Blues. "You gotta pay your dues if you wanna sing the Blues..." And, you know it DOES come easy! Easy, easy, easy....very....easy.
There are various bands playing in various genres and that's cool. But, are they really writing music or copying existing blueprints?
The Blues (I-V-IV) could cut a new grand canyon it's so worn out. If I rendered yet one more lyric to that progression would I be writing or would I just be borrowing from public domain? Same for Rock?
Same goes for country insomuch as it's more about the drawling dragline of the same old sad tales out of the same story satchel they all draw from. Very predictably planned music.
Jazz? Well, sour notes excusing themselves and pardoned by following inexplicable key/tempo changes will have to blueprint this one.
Rap - Duh. Parade ground cadence disguised as lyrics with a pinch of gangsta toughguyness and market-ready white-guy ebonics for soliciting credibility. Good blueprint for making money, though.
So, what truly marks the person as a writer in a world that feels a need to fabricate music from blueprints?
Form follows function. If you write to a form, function is following form. All my experiments in working that order have been hollow. The spark, the germ, the seed of it... that's what's important. Right? The term "form" can bring thoughts of formula. I prefer to lift the form, and leave the formula.
Take two totally different classic pop songs. Nothing in common whatsoever, and find they have exactly the some form. So... the only reason form and structure get a bad rap is because too many write to fill the form instead of having content that rings and matters, and finding a form to help support that... idea.
Why even bother with a form? Because it is something we crave. It is our solid ground to listen from. Playing with form is huge though. By its very definition, form sets up expectations. And that is a powerful thing. Because we can choose to surprise the listener based on their expectations. We can play our idea in such powerful ways by playing with expectations.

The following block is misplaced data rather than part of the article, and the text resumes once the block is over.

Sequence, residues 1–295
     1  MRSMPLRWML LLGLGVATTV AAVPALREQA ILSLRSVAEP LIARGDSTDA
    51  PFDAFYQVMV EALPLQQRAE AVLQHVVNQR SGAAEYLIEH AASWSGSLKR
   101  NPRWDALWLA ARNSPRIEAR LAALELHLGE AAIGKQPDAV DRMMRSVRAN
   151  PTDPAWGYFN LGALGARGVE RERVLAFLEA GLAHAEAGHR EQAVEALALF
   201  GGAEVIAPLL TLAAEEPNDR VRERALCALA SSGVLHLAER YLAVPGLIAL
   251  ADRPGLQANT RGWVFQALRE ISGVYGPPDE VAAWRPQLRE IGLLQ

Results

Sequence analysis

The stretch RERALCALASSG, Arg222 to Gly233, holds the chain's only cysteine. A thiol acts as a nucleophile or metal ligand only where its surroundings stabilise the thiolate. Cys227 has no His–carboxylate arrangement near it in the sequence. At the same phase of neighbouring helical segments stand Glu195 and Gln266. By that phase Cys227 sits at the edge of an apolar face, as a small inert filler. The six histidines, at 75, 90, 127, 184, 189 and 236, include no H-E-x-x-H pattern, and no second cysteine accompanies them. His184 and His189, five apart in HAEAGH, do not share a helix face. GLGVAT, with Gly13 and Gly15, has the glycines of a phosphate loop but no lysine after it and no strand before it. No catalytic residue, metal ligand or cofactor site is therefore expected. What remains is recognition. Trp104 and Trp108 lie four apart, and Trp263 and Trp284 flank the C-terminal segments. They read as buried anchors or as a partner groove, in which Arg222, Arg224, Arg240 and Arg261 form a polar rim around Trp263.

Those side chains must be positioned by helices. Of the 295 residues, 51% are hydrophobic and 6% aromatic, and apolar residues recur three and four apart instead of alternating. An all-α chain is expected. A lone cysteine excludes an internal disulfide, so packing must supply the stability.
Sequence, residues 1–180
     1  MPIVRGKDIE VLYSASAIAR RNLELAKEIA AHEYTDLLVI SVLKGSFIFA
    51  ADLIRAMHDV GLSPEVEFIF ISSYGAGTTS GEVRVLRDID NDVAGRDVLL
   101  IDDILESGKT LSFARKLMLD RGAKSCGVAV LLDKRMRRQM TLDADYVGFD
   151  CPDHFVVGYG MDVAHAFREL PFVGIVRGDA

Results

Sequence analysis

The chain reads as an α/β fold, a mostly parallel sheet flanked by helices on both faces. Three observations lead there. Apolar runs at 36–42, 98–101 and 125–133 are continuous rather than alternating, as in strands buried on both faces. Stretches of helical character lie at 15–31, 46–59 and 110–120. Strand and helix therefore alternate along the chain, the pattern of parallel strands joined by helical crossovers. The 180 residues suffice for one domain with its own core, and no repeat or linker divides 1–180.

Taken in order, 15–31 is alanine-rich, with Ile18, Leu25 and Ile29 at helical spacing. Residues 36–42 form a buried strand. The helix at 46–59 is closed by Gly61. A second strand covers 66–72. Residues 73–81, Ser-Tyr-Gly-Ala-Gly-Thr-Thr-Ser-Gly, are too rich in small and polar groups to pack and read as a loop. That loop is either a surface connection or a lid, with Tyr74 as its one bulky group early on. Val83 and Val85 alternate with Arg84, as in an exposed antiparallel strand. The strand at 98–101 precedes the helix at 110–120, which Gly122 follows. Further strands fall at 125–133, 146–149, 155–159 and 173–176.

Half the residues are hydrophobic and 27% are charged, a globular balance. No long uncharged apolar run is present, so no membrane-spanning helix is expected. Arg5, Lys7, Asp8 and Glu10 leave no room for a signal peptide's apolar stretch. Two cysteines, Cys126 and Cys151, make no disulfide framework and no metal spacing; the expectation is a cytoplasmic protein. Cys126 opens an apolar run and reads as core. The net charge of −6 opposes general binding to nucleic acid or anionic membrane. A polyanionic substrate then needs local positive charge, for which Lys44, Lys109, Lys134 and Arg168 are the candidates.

Virtually every great writer has used form. They may have mangled it to pieces, but they are using it. Abusing it. Taking advantage of it for their own means.
That's my read.
____________________ It ain't fair to say that these tracks are the same. So god if you can hear me crash this train
I agree that form is very important. The idea that we crave it is spot on to me. Form is comfortable.
As a writer, though, I think form should follow creativity. Let your song spring from within without worrying about form and then let a comfortable structure surround it as it is taking shape. After years of listening and writing this is what works for me. Those time tested forms are there inside me waiting to serve as the superstructure for my creative endeavors....sometimes without me even realizing it.
Of course it helps that my writing is not very......genre specific to start with.
"Turn on the radio right now and you'll learn a new trick." Lee Knight
"If you want to write it you have to live it." stickboy
".......where they'll end up is a mystery" La Meer
I'm not really sure what the point of this thread is. Are you saying we should give up songwriting because everything that could be written has already been done so? Or that we should only use atypical progressions?